‘It’s Called Paper’: Trump Wants to Go Old School With Voting System Failsafes

During a joint press conference with Swedish Prime Minister Stefan Löfven on Tuesday, President Donald Trump talked about upcoming elections and revealed the ultimate safeguard against Russian meddling: paper.

“You have to be very vigilant,” Trump said. “One of the things we’re learning is it’s always good — it’s old-fashioned, but it’s always good — to have a paper backup system of voting. It’s called paper. Not highly complex computers. Paper.”

Trump explained that his administration endorses the use of paper and is “studying it closely” as part of a sophisticated effort to “counteract” Russian interference.

But the president didn’t just sing the praises of paper products as a counterintelligence strategy. He also reminded reporters of his administration’s achievements and assured everyone of his expectation that the November midterm elections will favor Republicans.

“I think we’re going to do very well,” he said. “And I think it will be a tremendous surprise to people how well. The economy is so good, jobs are so good. Black unemployment, Hispanic unemployment at all-time lows. We’re really doing well.”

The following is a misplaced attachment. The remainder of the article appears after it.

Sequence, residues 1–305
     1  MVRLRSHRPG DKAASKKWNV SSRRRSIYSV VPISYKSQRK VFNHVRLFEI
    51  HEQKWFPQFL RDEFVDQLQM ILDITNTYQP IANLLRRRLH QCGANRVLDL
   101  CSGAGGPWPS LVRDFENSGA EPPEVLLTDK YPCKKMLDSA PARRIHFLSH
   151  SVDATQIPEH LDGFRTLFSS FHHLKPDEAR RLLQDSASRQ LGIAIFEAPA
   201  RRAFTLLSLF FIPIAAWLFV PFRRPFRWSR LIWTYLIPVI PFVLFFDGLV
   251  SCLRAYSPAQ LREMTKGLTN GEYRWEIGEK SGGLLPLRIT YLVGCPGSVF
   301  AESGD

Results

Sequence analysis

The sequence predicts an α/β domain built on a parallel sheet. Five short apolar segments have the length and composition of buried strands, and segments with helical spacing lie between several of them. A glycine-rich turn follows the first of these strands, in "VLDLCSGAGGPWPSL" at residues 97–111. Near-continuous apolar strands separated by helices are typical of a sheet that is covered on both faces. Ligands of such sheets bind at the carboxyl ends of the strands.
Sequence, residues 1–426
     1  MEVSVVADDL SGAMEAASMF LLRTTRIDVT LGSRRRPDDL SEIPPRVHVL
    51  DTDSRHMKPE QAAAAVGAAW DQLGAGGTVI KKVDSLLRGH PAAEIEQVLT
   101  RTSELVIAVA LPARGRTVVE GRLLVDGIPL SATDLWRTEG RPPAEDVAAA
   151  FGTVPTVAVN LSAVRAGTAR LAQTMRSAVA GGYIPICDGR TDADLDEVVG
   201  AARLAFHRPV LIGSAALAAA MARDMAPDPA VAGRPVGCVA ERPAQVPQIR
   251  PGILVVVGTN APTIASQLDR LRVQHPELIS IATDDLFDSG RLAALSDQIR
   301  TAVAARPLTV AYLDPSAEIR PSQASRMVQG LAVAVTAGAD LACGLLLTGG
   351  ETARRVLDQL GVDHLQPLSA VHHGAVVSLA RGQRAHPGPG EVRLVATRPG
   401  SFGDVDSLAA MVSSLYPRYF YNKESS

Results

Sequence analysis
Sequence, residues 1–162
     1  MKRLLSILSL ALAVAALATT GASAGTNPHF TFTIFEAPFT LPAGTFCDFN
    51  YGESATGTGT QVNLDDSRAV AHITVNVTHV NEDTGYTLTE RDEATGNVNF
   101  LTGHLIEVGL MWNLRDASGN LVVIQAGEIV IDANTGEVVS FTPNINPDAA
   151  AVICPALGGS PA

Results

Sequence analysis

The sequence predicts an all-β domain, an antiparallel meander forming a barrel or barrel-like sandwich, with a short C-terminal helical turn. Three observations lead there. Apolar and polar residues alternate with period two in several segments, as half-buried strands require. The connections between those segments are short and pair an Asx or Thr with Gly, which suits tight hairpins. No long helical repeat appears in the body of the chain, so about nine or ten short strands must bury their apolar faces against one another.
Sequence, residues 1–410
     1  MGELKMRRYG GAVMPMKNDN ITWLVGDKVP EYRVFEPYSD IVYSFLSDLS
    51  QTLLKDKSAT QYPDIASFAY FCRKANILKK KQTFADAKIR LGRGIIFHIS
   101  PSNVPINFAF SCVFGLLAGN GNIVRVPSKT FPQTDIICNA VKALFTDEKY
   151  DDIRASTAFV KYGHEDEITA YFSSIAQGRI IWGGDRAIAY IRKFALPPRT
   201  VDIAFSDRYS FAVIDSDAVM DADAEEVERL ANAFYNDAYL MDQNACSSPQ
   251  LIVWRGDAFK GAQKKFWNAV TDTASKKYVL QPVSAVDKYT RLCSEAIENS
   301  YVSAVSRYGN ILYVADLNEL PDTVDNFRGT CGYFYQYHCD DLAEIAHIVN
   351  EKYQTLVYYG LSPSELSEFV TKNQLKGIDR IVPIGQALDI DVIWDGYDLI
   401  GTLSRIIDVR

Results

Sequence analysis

Löfven reiterated Trump’s call for better safeguards to detect election interference but didn’t specifically mention the power of paper.

“The result of the election in the country should be decided by nobody else but the voters in that country,” Löfven said. “That is our stance. That is why our intelligence agency now also increase in their own capacity to detect and counter whether it’s hacker attacks or financing or producing or spreading propaganda, whatever it is.”

The Swedish prime minister emphasized the importance of calling out foreign powers intent on meddling in the elections of other countries and signaled the cooperation between the U.S. and Sweden on multiple fronts, even if he didn’t share Trump’s seemingly Luddite tendencies.

As of this writing, environmentalists have yet to respond to Trump’s newfound love of tree-killing policies.